I end my last posting in this series at the bridge across the Sungai Klang.
In this posting I will write about my stop at Central Market.
The first thing that I can see before reaching the Central Market is this most important river confluence that gives birth to Kuala Lumpur. The muddy river confluence is literally translated as Kuala berLumpur
. On this confluence now stand the Mesjid Jamek of Kuala Lumpur
, a symbol of Islamic development from the early days of this metropilitan city now. It is one of the oldest mosque in Kuala Lumpur and was designed by Arthur Benison Hubback. This mosque was officially opened in 1909 by the Sultan of Selangor.
Around this river confluence the communities of Kuala Lumpur rose and if we look into the distribution there is the Indian community at the Mesjid India area and the Chinese community synonym to Petaling Street and named China Town. Since the Mesjid Jamek was built on a burial ground, there must be the Malay Community too somewhere around the area. However the nearest Malay community in the city today is concentrated at Kampung Baru
and is the oldest Malay community enclave within the city centre.
THIS PART ONWARD OF THE BLOG IS DRAFTED AND POSTED FROM BRIANI BISTRO ON THE GROUND FLOOR OF PERTAMA COMPLEX USING WIRELESS@KL SIGNAL.
Central Market located at Jalan Hang Kasturi (Rodger Street) was built in 1888 is a new market to replace the old market built by YapAh Loy, the first Kapitan China of Kuala Lumpur. The name retain after being converted into an arts and handicraft centre. The Malaysian Heritage Soceity classify it as a Heritage site.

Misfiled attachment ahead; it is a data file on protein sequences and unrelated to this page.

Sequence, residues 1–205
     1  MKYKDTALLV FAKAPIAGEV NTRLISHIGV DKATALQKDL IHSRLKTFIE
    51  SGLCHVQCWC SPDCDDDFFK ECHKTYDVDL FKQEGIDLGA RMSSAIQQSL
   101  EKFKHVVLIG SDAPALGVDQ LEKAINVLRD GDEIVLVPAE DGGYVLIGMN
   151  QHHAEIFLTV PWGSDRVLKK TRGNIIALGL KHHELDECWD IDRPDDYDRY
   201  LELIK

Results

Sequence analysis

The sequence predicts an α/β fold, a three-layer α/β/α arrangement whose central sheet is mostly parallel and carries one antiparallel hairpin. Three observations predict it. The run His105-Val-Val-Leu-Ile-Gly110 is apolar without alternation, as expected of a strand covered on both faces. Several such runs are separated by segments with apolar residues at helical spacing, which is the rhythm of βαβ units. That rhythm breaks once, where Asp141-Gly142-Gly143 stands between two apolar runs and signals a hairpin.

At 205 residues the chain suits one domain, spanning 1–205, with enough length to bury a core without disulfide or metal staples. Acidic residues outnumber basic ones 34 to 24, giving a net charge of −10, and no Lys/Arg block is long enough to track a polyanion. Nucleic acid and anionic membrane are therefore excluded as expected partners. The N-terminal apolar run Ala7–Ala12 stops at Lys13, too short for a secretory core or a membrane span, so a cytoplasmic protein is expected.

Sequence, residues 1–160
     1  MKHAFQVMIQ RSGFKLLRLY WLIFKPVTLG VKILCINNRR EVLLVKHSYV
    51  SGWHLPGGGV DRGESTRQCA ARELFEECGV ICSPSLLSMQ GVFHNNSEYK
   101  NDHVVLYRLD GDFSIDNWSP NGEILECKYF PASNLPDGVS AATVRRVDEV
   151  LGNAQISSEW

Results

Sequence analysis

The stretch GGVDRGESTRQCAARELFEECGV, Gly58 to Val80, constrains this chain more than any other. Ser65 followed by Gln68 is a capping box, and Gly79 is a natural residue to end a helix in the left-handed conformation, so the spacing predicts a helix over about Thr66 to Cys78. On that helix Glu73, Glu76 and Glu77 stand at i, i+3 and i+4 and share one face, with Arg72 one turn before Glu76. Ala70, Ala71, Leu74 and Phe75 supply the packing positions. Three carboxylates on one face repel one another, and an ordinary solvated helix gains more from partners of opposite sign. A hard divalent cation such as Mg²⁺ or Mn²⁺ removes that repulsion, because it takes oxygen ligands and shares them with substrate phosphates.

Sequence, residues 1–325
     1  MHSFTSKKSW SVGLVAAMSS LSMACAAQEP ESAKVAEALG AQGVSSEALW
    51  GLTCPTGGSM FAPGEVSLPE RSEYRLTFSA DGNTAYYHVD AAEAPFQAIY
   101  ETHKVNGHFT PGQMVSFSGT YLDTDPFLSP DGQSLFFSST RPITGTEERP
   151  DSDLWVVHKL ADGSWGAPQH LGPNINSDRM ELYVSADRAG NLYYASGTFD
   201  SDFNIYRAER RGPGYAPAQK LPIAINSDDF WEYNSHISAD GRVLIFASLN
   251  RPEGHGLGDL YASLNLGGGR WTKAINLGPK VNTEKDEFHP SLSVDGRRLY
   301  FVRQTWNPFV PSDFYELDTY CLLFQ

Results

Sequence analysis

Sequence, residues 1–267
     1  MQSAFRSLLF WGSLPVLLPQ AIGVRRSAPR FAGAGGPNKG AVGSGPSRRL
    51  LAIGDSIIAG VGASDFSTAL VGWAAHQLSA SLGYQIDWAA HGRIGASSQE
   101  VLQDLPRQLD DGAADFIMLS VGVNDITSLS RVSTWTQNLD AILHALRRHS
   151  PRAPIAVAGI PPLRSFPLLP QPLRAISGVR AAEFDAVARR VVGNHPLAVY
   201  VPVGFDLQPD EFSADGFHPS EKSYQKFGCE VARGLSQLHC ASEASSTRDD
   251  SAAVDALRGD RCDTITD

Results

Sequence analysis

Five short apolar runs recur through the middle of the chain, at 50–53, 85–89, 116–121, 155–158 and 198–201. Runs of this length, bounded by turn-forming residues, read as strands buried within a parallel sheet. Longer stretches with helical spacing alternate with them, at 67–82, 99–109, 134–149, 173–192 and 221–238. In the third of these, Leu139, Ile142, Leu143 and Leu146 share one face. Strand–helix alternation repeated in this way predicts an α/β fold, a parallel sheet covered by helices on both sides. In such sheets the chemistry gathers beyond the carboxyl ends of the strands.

Above: A postcard picture of Central Market taken from HERE
Today visitors and KLites come to this place to seek for souvenirs of local handicraft. It is also a place where local artists paint their wares live. One can stop and ask them to sketch and paint their own portrait. One of the artist that I happen to see during my walk about is Abdul Ghani Ahmad who paint at his shop at the Central Market Annexe. He is a water colour artist.
Picture below is the Central Market Annexe, an arts centre
Below: Whats inside the Central Market on the ground floor
At the Ampitheatre outside to the building there are performances from time to time.
Below is part of Jalan Hang Kasturi that has been closed down and turn into pedestrian mall. You can laze around under this shady areas and if luck ison your side can get to be entertained by street musicians or buskers.
This row of shophouse at Medan Pasar. Medan Pasar is quite significant to the birth of Kuala Lumpur. Before I proceed, I would like to ask, “Where is Kuala Lumpur?” I am sure most people will not know where is Kuala Lumpur. When I first migrated to the city, my only means of transportation was the pink ‘notorious’ (so they nickmaned it) Mini Buses. I could still remember when the Mini Bus reached Medan Pasar, the conductor will shout, “Kuala Lumpur! Kuala Lumpur! Kuala Lumpur turun sini.” That was the station for mini buses besides the Bangkok Bank that can be considered as one of the main stops.
So Medan Pasar is the actual spot for Kuala Lumpur? I do not have any argument about it. There is a clock tower at Medan Pasar. Usually when clock towers are constructed, there must be some significant to it. The site of the clock tower (marked X on the route map above) is just less than 50 metres from the river banks of Sungai Gombak and the confluence where it joins Sungai Klang. There is no signboard whatsoever to give information or details of the clock tower. Maybe the Kuala Lumpur City Hall can trace and mark the history of this clock tower. Scroll down to see the picture of the mentioned structure.
The picture below is of Medan Pasar and compare it with the screen capture I took from the Central Market website. The buildings still exists. Now this Medan Pasar is one of the bus stops within Kuala Lumpur city.
Below: A screen capture of Medan Pasar taken from Central Market website
Not far from Medan Pasar is a lane named after the first Kapitan China of Kuala Lumpur, Yap Ah Loy.
This segment of Walking Walking Kuala Lumpur ends here. My next segment will be Petaling Street or popularly called China Town.